Cookies on this website
We use cookies to ensure that we give you the best experience on our website. If you click 'Continue' we'll assume that you are happy to receive all cookies and you won't see this message again. Click 'Find out more' for information on how to change your cookie settings.

In this article, the author argues that there are psychological and biological constraints on our moral behaviour, rational decision-making and capacities to love. For example, low oxytocin levels can constrain our willingness to cooperate with others, and our capacity to maintain long-term loving relationships. There is also evidence that increasing iodine intake can improve a person's general intelligence, while drugs such as Modafinil can enhance cognitive performance. Savulescu argues that we have a moral obligation to remove those constraints, and that we ought to accept these methods of improving our moral behaviour, decision-making, and cognitive functioning.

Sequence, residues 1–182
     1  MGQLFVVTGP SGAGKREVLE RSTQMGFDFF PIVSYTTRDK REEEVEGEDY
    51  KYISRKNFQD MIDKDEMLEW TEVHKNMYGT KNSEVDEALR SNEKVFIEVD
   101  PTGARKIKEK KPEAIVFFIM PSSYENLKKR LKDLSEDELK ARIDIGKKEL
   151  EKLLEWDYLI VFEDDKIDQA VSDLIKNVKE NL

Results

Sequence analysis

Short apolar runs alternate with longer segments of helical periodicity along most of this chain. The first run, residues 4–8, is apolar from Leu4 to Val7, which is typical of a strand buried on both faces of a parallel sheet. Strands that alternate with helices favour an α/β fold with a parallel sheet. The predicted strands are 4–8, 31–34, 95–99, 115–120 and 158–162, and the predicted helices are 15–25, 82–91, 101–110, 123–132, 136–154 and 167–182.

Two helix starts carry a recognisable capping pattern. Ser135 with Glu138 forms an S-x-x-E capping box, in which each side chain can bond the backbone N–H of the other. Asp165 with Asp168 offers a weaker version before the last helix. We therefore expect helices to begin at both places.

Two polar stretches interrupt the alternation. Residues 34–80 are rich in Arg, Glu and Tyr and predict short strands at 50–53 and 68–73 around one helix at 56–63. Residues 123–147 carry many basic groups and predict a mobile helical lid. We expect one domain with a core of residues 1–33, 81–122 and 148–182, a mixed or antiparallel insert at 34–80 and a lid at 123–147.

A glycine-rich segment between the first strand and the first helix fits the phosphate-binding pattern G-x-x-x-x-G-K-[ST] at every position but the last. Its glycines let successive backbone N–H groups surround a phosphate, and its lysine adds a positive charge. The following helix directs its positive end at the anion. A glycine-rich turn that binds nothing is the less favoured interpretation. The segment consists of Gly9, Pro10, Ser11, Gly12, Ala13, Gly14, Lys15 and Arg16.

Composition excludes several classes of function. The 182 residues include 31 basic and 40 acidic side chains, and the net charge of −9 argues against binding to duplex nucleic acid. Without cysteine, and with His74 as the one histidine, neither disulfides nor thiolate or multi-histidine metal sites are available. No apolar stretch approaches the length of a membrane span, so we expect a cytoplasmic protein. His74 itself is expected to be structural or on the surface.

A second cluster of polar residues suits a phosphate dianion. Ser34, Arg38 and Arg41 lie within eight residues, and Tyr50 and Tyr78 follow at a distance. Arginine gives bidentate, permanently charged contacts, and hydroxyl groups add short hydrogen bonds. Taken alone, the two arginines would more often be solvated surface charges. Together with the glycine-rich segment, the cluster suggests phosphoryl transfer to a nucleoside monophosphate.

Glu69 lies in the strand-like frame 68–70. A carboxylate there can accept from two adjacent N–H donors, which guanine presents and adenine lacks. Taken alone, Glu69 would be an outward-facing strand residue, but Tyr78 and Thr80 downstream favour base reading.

Type

Journal article

Journal

Monash Bioeth Rev

Publication Date

03/2010

Volume

29

Pages

04.1 - 0418

Keywords

Antisocial Personality Disorder, Biomedical Enhancement, Criminal Psychology, Female, Freedom, Genetics, Behavioral, Humans, Impulsive Behavior, Male, Nootropic Agents, Object Attachment